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Dr Christiania Whitehead

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Associate Professor (Reader)

Tel: ext. 24994
Email: c dot a dot whitehead at warwick dot ac dot uk

H5.20
Humanities Building, University Road
University of Warwick
Coventry CV4 7AL

About

Following undergraduate studies at Oxford, Christiania Whitehead gained a DPhil in medieval English literature at Magdalen College, Oxford, working under Vincent Gillespie, for a study of medieval architectural allegory in religious and courtly writing. She was then appointed Lecturer at the University of Warwick, where she is now an Associate Professor (Reader). She specialises in religious literature of the medieval period, including allegorical narratives, the medieval mystics, Middle English translations of Latin scholastic and devotional writing and their 15th-century audiences, the religious lyrics, and Latin and English hagiography. She also has a subsidiary interest in medieval Arthurian literature and its revival in the 19th and 20th centuries.

She is currently working on a booklength study of texts generated by the cult of St Cuthbert, from the 8th-15th century, with particular reference to the ascetic element of the tradition, and to the Meditationes of the Monk of Farne.

Research interests

Christiania Whitehead’s first book, Castles of the Mind: a Study of Medieval Architectural Allegory (2003), examined the symbolic use of buildings to represent and order doctrines, ideologies, social communities, and the psychological faculties, in religious and secular texts from antiquity until the end of the Middle Ages. She then undertook a large scale editorial project, with researchers from the Universities of Lausanne and Oxford, on the 13th-century devotional treatise De Doctrina cordis (possibly by Gerard of Liège) addressed to enclosed religious, and its 15th-century Middle English translation, The Doctrine of the Hert, adapted for a specifically female audience. Circulating throughout Europe through the Middle Ages, the Doctrina was translated into six vernaculars. The Doctrine of the Hert: A Critical Edition with Introduction and Commentary (2010) makes the Middle English translation available to a wide audience for the first time, while A Companion to the Doctrine of the Hert (2010), is an accompanying collection of essays, examining the text in relation to its Latin original and other vernacular translations.

Alongside these major projects, Christiania Whitehead has also written substantial essays on the Middle English religious lyric, on the Middle English mystics, on Julian of Norwich in modern spirituality, and on the Meditationes of the 14th-century Monk of Farne. This last subject has fed into her ongoing research project: a booklength study of the textual tradition of the cult of St Cuthbert (north eastern England) from the 8th -15th centuries, with particular reference to the ascetic elements in this tradition, especially the Vita of St Bartholomew of Farne, and the Meditationes of the Monk of Farne.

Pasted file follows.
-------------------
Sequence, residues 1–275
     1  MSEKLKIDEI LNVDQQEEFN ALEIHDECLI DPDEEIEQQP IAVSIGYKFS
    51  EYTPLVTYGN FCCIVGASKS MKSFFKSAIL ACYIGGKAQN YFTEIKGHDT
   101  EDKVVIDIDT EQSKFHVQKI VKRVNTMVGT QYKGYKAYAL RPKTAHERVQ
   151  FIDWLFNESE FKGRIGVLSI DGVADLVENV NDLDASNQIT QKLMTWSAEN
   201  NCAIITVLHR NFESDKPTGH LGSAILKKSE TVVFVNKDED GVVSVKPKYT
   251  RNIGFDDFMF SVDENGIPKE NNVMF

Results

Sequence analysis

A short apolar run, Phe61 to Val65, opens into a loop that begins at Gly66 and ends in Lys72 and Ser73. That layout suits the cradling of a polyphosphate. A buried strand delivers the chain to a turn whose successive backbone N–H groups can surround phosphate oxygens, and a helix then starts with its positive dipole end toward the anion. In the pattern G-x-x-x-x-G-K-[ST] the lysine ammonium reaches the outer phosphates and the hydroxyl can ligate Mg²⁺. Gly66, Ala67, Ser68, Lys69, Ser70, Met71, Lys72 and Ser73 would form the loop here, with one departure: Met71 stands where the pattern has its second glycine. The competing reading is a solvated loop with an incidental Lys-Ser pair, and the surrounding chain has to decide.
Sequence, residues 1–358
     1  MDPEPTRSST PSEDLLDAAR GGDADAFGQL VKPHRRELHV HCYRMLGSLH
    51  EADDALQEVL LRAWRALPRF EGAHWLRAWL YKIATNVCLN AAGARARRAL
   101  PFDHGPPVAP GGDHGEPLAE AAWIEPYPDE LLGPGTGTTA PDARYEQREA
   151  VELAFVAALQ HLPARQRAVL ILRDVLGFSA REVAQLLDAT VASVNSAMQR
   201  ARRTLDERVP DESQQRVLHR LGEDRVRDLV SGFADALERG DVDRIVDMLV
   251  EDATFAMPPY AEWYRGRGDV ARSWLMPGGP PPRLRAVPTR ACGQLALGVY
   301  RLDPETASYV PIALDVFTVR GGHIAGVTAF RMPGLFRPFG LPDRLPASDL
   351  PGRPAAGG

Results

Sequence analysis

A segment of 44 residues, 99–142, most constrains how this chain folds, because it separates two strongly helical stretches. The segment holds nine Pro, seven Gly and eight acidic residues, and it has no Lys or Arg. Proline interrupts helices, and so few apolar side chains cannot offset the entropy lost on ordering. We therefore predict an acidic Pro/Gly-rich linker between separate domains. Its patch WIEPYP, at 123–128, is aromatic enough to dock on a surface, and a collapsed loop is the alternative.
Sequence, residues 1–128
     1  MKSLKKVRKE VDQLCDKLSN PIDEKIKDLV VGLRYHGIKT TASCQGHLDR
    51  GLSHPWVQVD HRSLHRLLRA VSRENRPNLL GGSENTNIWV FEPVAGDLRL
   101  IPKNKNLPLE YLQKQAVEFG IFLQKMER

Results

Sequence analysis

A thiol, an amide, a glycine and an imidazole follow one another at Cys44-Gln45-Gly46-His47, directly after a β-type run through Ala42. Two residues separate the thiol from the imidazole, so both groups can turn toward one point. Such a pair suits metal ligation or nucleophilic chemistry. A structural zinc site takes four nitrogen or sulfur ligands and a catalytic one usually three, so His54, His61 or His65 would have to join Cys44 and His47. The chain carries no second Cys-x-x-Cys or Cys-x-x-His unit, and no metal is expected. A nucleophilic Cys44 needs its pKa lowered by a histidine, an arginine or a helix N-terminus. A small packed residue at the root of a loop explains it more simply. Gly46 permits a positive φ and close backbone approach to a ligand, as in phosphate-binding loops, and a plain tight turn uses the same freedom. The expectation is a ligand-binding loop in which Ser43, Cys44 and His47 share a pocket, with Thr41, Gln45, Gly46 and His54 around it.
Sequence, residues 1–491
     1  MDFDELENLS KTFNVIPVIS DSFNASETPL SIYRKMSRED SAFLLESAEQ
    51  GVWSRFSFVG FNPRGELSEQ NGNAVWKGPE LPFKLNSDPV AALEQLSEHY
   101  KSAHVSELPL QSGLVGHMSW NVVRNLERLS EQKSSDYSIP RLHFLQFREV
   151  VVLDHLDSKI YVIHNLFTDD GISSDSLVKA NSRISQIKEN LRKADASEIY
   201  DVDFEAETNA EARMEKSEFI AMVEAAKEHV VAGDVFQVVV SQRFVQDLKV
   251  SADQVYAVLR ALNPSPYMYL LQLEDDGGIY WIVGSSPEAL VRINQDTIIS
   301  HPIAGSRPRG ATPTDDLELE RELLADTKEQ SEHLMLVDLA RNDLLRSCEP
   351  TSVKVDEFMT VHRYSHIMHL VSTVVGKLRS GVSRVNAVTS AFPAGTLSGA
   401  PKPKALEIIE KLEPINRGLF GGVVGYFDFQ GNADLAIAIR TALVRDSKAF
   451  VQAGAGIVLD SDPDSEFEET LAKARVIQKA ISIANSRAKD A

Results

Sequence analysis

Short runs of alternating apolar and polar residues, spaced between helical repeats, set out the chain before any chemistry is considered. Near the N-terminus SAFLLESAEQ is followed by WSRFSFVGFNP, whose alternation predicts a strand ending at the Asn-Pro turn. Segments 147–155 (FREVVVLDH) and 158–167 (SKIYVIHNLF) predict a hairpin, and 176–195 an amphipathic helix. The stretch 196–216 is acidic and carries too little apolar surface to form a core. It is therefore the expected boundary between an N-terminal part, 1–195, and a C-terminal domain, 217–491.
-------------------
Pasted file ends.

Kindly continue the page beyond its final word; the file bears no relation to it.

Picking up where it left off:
Alongside research, Christiania Whitehead has also been active in conference organisation. She co-organised the international Medieval Translator conference in Lausanne in 2007, and co-edited the conference proceedings. She co-organises an ongoing series of annual doctoral research workshops (RDMES) bringing together medieval researchers from the Universities of Padua, Pazmany Peter, Budapest, Lausanne and Warwick; the next one day workshop will be held at Warwick in Spring 2015. She is also currently co-organising a major conference on North Of England Saints 600-1500, to be held at Lady Margaret Hall, Oxford, 21-22 March 2015.

Teaching and supervision

Christiania currently teaches the first-year introductory module Medieval to Renaissance Literature and has also taught The Epic Tradition. She also teaches three Honours level modules: Arthurian Literature and its Legacy, Chaucer: the complete works, and Further Explorations in Medieval Literature.

Every year she supervises a number of final year UG dissertations. Recent subjects have included Beowulf and allegory, Doublings and Reflections in the Middle English Gawain romances, the Construction of King Arthur in the Historia regum Britanniae of Geoffrey of Monmouth, Images of Enclosure in Early Middle English Anchoritic Literature, and a comparative reading of the Middle English and Anglo Norman versions of Amis and Amiloun.

She has supervised a number of MA, MA by research and PhD theses, and would be happy to supervise PhD theses in any area of Middle English religious writing.

Selected publications

  • Writing Religious Women. Female Spiritual and Textual Practices in Late Medieval England, co-ed. with D. Renevey (Univ. of Wales Press, Cardiff and Univ. of Toronto Press, Toronto, 2000).
  • Castles of the Mind: A Study of Medieval Architectural Allegory (Univ. of Wales Press, Cardiff, 2003).
  • The Doctrine of the Hert: A Critical Edition with Introduction and Commentary, co-ed. with D. Renevey & A. Mouron, Exeter Medieval Texts and Studies (Univ. of Exeter Press/ Univ. of Chicago Press, May 2010).
  • The Medieval Translator. Traduire au Moyen Age, volume 12, co-ed. with D. Renevey (Brepols, Turnhout, January 2010).
  • A Companion to The Doctrine of the Hert: The Middle English Translation and its Latin and European Contexts, co-ed. with D. Renevey (Univ. of Exeter Press, July 2010).
  • The Garden of Slender Trust (Bloodaxe, 1999). Shortlisted for the Forward Prize for the Best First Collection of Poetry.

Qualifications

  • BA; MA; DPhil (Oxford)

Office hours

Monday: 12-1pm
Wednesday: 12-1pm



 

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